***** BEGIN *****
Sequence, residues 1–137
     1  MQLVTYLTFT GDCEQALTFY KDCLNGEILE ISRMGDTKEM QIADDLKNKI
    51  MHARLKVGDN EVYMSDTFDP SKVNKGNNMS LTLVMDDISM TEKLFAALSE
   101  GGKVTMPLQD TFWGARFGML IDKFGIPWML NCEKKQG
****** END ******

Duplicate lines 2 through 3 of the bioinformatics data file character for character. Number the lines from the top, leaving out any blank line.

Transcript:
     1  MQLVTYLTFT GDCEQALTFY KDCLNGEILE ISRMGDTKEM QIADDLKNKI
    51  MHARLKVGDN EVYMSDTFDP SKVNKGNNMS LTLVMDDISM TEKLFAALSE